Iran Welcomes in West for Oil Projects, But Hopes to Check Cultural Baggage
| CHALUS, IRAN
The manager of the faded, frozen-in-the-'70s, former Hyatt hotel here has just built a bigger and better beach area for women. They are still segregated from the men by a curtain, as the law requires, but they have been granted an upgrade from what the manager admits was a small, dirty corner of the beach.
In fundamentalist Iran - where contact between unmarried men and women is strictly limited, and women are not allowed to show hair or even the outline of their figures in public - as many as 2.5 million Iranians a year vacation on the Caspian coast, just a few hours' drive north of Tehran.
It will never be Club Med. But Abolgassam Hajihasani, the hearty young buttoned-down manager of what is now named the Caspian Revolutionary Hotel (everyone still calls it the Hyatt), permits himself to hope that the Islamic government might set up foreigners-only vacation zones where the strictures of Islamic law do not apply. Perhaps a husband and wife might swim on the same beach.
"These things are easing up," he says, as his school-age son watches a pirated Steven Seagal videocassette on the office VCR. But, he adds: "There are elements in Iran who will resist."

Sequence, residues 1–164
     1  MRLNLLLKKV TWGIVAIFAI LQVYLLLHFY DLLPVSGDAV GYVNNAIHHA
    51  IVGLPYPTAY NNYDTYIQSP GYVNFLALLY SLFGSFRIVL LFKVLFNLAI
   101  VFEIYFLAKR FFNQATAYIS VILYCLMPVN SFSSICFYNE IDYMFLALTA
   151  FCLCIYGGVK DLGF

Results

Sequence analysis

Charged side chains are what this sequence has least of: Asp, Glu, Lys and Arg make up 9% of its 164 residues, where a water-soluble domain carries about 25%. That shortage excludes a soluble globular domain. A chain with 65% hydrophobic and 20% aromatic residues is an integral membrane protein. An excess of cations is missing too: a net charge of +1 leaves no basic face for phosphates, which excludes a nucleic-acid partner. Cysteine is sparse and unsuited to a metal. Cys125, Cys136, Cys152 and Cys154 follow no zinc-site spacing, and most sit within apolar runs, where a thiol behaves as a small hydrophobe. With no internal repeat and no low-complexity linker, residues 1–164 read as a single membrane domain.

The question of how much latitude to permit foreign tourists is part of a bigger question that political and religious leaders are debating: In the age of the Internet and satellite TV, how can the Islamic Republic of Iran sustain its special character?
Iran is desperate for the hard currency tourists bring. But purists worry about their corrupting influence and the erosion of Islamic standards that could come with the pursuit of dollars, francs, and marks. Some who are more liberal, including new President Mohammed Khatami, argue that the Islamic path can best survive by embracing prosperity and modern technology.